In recent advising and representation of clients on vapor intrusion/indoor air issues from soil and/or groundwater plumes containing chlorinated solvents or other volatile chemicals, a representative of the Texas Commission on Environmental Quality (TCEQ) advised us that the agency is moving forward with issuing guidance on vapor intrusion in the coming months. How that comes out will have potential impact not only on industrial facilities, but on real estate transactions where light industry, gas stations, dry cleaners, and other current or historical uses may affect groundwater on-site or off-site.
In transactions I have been involved in, buyers often look to address potential vaport intrusion in terms of remediation, insurance, indemnities, and other provisions in sales contracts. Lenders consider these issues and have to be convinced it will not cause liability to the borrower or cause issues with tenants and payments on leases. Lenders are concerned with payment of loans and protectin of collateral value. Vapor intrusion/indoor air has spawned lawsuits in some states.
In Texas, currently, the Texas Risk Reduction Program (TRRP) rules required notification of the TCEQ and persons exposed or who may be exposed, as soon as possible or within 60 days. The rules do allow the use of Occupational Health and Safety Administration (OSHA) or the American Conference of Governmental Industrial Hygienists (ACGIH) levels for occupational exposure. To use these levels a health and safety plan must be submitted and a certification it is being followed must be submitted to the TCEQ. Currently, these levels rather than the very low Risk Based Exposure Levels for commercial and industrial sites may be used.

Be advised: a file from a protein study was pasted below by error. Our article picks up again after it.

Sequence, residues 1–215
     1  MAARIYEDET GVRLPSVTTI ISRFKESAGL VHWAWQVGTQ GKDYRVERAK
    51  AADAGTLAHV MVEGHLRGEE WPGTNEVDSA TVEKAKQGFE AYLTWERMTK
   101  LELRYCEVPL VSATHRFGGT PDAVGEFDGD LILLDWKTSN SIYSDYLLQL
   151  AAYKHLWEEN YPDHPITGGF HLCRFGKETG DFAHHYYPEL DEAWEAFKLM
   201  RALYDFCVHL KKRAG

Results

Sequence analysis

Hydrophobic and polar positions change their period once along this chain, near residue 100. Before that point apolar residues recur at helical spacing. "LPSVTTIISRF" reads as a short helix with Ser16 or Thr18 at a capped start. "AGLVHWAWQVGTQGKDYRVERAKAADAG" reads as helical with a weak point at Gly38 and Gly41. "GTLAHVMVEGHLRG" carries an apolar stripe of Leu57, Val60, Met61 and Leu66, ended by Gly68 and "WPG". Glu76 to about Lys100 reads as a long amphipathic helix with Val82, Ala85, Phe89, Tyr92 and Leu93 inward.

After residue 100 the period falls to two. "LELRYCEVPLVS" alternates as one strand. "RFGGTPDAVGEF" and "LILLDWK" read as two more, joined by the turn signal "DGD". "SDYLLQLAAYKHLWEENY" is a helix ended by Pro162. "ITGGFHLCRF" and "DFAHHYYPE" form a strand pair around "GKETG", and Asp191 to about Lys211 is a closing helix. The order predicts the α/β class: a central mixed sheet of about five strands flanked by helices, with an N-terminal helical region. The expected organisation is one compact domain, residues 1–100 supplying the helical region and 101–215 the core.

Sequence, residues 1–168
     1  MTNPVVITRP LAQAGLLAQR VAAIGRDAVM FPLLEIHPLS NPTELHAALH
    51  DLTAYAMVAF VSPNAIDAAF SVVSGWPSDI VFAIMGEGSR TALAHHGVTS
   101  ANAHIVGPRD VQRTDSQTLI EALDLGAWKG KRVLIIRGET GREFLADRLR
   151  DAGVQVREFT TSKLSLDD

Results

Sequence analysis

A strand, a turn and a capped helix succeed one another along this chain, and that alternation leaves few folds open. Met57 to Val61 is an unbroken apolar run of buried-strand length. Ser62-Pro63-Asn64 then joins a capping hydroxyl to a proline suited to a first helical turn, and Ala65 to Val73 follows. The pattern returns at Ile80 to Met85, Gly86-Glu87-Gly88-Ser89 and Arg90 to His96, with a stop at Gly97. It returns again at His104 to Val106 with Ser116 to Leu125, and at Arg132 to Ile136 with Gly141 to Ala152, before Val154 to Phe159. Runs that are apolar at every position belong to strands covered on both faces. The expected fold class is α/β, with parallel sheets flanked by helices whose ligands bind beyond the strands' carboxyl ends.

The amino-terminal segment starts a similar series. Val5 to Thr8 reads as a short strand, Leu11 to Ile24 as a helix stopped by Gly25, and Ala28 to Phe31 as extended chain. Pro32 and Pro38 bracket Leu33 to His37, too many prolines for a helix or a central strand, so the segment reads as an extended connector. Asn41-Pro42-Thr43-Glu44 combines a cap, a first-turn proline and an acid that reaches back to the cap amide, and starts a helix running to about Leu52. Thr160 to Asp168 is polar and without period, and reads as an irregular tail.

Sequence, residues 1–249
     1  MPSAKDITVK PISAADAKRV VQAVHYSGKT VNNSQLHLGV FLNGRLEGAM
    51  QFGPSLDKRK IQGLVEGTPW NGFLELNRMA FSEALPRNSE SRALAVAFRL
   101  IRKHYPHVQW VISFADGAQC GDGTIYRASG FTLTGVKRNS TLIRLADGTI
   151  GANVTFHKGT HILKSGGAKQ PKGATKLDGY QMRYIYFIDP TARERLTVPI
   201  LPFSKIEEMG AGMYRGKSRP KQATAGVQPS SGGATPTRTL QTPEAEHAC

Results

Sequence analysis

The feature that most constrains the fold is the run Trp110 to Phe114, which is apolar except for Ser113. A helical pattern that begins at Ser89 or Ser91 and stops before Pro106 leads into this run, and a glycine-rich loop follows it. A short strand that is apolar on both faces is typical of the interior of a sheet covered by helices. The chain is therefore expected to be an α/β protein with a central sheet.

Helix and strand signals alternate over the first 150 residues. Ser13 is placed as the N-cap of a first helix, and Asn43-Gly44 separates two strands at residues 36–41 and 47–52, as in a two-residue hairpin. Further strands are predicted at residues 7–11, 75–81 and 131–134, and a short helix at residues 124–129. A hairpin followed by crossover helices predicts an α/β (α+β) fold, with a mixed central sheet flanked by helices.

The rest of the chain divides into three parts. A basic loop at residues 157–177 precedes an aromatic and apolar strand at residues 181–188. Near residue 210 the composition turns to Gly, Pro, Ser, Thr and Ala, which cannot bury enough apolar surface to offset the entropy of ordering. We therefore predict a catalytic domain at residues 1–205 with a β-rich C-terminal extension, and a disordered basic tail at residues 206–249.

In other parts of the country, EPA regional offices and some states have adopted very low levels at least as screening levels that may be below the method detection limit for testing protocols for indoor air. This makes management of indoor air and vapor intrusion difficult for some chemicals, particularly trichloroethylene. These low levels are orders of magnitude below the OSHA and ACGIH levels, and appear to be below what is necessary to protect workers.
Fortunately, it appears the TCEQ is going to continue to allow worker standards developed by an agency or organisation with a long history of developing safe levels for workers. This will allow a more rational approach to vapor intrusion and indoor air issues. The need to follow and comment on TCEQ policy and guidance on vapor intrusion/indoor air is critical to a sound policy on worker protection under environmental remediation regulations in Texas.